We Are All Leaders: The Alternative Unionism of the Early 1930s

We Are All Leaders The Alternative Unionism of the Early s We Are All Leaders describes a kind of union qualitatively different from the bureaucratic business unions that make up the AFL CIO today From African American nutpickers in St Louis chemical and rub

  • Title: We Are All Leaders: The Alternative Unionism of the Early 1930s
  • Author: Staughton Lynd
  • ISBN: 9780252065477
  • Page: 359
  • Format: Paperback
  • We Are All Leaders describes a kind of union qualitatively different from the bureaucratic business unions that make up the AFL CIO today From African American nutpickers in St Louis, chemical and rubber workers in Akron, textile workers in the South, and bootleg miners in Pennsylvania to tenant farmers in the Mississippi Delta, packinghouse and garment workers in Minn We Are All Leaders describes a kind of union qualitatively different from the bureaucratic business unions that make up the AFL CIO today From African American nutpickers in St Louis, chemical and rubber workers in Akron, textile workers in the South, and bootleg miners in Pennsylvania to tenant farmers in the Mississippi Delta, packinghouse and garment workers in Minnesota, seamen in San Francisco, and labor party campaigns throughout the country, workers in the 1930 s were experimenting with community based unionism.

    • [AZW] ☆ We Are All Leaders: The Alternative Unionism of the Early 1930s | By ↠ Staughton Lynd
      Staughton Lynd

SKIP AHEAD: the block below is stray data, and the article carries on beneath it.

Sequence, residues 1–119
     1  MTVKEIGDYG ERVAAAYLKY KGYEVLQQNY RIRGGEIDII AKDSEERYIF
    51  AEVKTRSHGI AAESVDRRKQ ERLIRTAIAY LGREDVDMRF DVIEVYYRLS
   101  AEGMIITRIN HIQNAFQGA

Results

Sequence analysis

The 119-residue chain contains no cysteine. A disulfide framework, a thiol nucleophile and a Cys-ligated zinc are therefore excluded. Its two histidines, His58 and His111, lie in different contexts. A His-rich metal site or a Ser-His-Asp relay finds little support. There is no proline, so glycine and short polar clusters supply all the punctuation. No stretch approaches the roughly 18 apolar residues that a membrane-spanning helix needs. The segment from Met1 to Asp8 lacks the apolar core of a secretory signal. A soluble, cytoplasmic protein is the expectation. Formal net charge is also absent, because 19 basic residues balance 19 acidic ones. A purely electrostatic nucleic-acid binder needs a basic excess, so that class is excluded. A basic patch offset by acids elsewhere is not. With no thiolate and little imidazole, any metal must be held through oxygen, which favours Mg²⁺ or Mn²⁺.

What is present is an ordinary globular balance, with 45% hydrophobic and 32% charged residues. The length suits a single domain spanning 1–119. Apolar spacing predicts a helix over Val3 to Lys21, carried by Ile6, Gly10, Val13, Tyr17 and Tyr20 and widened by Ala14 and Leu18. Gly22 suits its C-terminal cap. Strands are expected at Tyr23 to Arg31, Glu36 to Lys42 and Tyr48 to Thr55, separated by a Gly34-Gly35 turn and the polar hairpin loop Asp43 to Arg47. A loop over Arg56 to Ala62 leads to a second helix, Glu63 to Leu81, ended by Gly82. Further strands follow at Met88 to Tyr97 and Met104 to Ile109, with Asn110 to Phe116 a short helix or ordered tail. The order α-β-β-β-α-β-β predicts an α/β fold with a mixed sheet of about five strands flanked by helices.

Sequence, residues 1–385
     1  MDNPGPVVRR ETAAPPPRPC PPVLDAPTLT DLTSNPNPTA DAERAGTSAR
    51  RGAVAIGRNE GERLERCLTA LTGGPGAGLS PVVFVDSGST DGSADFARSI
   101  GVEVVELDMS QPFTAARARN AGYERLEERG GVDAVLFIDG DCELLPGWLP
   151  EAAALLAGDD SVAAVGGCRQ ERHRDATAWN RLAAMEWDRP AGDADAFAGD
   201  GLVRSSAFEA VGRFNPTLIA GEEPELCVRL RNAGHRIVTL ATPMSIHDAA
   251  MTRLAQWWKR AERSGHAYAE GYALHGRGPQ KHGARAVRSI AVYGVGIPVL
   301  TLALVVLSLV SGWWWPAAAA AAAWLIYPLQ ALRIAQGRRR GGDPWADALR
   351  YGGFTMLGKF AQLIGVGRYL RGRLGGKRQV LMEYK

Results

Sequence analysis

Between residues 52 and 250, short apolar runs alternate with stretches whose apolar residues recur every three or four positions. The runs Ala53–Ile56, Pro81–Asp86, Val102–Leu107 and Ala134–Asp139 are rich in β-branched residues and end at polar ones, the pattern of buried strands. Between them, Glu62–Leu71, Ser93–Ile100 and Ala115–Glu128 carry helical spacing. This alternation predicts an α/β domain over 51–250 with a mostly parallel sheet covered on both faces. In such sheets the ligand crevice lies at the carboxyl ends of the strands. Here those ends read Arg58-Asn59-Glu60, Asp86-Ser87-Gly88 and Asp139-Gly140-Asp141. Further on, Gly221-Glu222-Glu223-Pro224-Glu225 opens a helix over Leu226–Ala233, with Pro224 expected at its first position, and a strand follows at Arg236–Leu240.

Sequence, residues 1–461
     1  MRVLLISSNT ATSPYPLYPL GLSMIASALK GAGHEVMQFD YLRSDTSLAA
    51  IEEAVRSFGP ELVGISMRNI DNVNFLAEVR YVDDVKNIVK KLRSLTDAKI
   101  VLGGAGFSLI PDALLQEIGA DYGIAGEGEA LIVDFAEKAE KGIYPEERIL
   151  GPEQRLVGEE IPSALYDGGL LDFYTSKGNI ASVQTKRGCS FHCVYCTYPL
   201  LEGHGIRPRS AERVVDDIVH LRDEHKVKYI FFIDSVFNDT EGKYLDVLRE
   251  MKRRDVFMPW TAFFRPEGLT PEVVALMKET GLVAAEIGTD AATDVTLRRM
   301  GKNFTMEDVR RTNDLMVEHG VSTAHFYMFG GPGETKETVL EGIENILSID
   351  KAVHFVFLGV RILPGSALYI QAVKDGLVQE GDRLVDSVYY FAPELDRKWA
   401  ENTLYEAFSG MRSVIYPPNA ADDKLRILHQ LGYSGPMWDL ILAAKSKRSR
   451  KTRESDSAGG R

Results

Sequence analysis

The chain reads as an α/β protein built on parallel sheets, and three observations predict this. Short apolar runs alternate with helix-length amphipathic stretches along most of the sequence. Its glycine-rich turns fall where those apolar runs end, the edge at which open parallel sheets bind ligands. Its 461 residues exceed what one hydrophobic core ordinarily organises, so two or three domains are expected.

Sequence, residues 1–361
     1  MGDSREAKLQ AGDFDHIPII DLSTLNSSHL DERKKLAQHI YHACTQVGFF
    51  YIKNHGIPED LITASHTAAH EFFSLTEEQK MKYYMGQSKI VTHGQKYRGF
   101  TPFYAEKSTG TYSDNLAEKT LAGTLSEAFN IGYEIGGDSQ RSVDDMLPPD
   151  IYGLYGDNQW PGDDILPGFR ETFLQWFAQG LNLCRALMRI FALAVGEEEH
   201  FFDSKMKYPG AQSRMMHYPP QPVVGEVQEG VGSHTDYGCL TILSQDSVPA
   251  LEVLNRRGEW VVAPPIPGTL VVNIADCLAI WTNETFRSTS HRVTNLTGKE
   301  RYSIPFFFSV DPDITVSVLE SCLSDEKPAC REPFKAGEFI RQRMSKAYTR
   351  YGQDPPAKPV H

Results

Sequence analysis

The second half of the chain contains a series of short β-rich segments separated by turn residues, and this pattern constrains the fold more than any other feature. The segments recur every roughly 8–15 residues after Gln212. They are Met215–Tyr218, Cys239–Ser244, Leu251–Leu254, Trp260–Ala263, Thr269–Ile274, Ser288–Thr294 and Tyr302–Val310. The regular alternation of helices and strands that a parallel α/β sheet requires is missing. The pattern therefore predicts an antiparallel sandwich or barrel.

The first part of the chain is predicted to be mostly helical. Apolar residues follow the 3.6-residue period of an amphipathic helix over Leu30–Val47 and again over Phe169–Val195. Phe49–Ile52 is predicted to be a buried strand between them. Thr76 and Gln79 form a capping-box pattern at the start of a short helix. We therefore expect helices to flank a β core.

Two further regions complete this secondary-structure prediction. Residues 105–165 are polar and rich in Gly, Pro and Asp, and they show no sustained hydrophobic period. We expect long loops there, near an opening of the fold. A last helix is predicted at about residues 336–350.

About Author

    1. The son of renowned sociologists Robert Staughton Lynd and Helen Lynd, Staughton Lynd grew up in New York City He earned a BA from Harvard, an MA and PhD in history from Columbia He taught at Spelman College in Georgia where he was acquainted with Howard Zinn and Yale University In 1964, Lynd served as director of Freedom Schools in the Mississippi Summer Project An opponent of the Vietnam War, Lynd chaired the first march against the war in Washington DC in 1965 and, along with Tom Hayden and Herbert Aptheker, went on a controversial trip to Hanoi in December 1965 that cost him his position at Yale.In the late 1960s Lynd moved to Chicago, where he was involved in community organizing An oral history project of the working class undertaken with his wife inspired Lynd to earn a JD from the University of Chicago in 1976 After graduating the Lynds moved to Ohio, where Staughton worked as an attorney and activist.

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